“To overfill a room of this kind would have been criminal,” Waterhouse says, and her respect for her client runs deep. From his no-hassle attitude to his decisiveness, “everything had a place” for him, and that imbued each element of the design with significance. “It is a privilege to get to do what I do. And Richard is the perfect client.”

From Strout Architects to Laurie Waterhouse Interiors to Teton Heritage Builders, all of the professionals who created this space admiringly describe Spencer as a whole lot of fun, as the kind of client who knows what he wants while being open to ideas and flexible to the inevitable changes and challenges that arise on any project. This sense of ease translated directly into the home, which lacks the trappings of a stereotypically Western house.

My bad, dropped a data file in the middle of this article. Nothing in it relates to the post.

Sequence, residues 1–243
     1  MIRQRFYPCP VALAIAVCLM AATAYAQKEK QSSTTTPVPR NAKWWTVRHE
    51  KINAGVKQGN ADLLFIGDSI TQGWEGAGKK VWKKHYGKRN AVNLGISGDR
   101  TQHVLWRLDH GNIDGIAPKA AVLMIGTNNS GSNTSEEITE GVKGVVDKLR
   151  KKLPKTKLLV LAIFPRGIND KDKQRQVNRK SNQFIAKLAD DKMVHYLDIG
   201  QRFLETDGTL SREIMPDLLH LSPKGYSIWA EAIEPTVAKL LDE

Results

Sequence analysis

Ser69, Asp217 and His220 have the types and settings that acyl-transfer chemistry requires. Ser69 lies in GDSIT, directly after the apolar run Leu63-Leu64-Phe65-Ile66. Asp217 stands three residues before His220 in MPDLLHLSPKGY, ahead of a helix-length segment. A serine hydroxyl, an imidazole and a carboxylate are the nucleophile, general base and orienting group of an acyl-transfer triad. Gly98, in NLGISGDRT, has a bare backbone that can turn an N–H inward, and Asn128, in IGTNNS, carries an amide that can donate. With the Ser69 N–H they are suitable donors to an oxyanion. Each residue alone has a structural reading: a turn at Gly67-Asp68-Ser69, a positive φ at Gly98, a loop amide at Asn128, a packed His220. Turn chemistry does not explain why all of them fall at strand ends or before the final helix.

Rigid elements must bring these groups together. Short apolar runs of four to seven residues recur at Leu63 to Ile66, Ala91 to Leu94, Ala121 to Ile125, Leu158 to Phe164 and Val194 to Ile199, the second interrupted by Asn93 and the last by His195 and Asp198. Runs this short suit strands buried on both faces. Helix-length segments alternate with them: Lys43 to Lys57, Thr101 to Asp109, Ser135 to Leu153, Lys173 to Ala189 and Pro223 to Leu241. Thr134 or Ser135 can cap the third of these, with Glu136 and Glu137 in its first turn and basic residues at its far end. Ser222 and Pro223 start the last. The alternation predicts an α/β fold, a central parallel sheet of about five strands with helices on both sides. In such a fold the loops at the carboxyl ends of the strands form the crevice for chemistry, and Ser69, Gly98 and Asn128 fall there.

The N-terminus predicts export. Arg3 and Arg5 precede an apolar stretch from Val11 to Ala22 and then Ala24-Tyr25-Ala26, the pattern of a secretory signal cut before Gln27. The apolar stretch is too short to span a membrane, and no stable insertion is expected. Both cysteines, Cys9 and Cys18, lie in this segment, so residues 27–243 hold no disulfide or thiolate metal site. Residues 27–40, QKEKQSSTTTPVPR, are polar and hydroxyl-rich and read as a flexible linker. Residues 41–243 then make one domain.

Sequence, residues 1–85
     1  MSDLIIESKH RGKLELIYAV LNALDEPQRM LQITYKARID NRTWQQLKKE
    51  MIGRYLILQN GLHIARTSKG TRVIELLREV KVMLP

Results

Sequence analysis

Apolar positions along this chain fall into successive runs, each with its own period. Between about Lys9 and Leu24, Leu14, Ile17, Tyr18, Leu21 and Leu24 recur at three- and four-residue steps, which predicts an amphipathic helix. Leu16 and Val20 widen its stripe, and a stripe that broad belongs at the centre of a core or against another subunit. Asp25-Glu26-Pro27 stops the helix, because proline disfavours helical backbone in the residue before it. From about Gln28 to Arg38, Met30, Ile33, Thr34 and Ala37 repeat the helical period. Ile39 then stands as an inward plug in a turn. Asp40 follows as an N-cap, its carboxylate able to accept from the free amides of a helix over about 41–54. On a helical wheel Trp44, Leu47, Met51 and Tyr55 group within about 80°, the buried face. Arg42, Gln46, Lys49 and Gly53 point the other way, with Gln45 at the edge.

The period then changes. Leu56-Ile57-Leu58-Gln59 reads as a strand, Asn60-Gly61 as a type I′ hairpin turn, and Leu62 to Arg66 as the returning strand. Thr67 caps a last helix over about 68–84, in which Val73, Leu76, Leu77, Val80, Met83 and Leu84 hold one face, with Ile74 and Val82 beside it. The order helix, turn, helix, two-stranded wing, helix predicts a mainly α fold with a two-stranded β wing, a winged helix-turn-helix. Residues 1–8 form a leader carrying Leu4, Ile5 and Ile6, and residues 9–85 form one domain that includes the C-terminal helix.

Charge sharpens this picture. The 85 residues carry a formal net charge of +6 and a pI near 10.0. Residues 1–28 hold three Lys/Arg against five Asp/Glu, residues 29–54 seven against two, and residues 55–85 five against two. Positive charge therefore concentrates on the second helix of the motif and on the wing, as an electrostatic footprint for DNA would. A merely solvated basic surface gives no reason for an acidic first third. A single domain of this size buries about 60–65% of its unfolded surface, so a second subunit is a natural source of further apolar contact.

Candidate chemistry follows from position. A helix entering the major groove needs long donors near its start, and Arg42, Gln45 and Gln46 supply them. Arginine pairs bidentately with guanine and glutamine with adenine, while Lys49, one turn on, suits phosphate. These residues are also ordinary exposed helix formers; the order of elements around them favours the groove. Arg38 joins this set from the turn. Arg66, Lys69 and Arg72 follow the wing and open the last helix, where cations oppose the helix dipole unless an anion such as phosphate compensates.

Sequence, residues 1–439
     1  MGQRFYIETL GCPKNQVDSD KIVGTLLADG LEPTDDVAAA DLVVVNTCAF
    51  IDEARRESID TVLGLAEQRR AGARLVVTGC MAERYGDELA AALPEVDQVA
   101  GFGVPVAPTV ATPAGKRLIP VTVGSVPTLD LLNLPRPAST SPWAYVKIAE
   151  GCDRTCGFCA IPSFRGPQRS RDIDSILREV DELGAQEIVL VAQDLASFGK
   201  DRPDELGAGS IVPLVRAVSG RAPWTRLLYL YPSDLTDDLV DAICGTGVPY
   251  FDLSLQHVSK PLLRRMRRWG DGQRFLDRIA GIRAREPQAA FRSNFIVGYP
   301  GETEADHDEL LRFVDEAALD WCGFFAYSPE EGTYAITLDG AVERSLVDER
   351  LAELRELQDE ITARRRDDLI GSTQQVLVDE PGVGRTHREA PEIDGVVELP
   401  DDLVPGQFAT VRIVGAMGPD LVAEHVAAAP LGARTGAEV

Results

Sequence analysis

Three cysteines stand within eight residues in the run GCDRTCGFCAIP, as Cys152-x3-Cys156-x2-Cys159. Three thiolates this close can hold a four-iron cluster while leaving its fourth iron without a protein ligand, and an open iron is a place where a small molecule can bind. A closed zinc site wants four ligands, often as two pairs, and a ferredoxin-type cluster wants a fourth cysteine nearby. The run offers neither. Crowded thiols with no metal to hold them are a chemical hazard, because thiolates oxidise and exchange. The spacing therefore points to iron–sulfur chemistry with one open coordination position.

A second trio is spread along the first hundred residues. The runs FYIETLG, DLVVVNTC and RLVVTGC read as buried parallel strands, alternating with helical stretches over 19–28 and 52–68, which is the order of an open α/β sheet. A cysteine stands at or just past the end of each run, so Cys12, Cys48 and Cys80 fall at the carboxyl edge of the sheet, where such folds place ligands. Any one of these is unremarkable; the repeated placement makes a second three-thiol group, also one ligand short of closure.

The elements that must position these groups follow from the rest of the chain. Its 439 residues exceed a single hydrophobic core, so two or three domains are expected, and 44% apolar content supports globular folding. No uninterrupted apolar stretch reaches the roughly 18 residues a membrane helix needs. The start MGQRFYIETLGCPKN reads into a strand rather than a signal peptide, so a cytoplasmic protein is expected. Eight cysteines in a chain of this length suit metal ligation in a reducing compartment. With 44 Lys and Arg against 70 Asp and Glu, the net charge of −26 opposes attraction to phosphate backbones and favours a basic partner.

“I am not a Westerner,” says Spencer, who has been coming to Jackson since the late 70s. To round out the content of his home he brought collected antiques. “Though just a few,” he says, as he speaks wistfully again of boat travel and how early Americans weren’t afforded the luxury of clutter: They, like Spencer, arrived with only their most favored items.

Mark Dalby, co-owner at Teton Heritage Builders, also describes the project as feeling right, that each element had a sense of value. He explains that, even structurally, the spaces are comfortable, efficient and effective. From a builder’s standpoint it was easy to get a sense of Spencer’s lifestyle, and Dalby gained a real appreciation for the way the building materials represent the solidity of the edifice.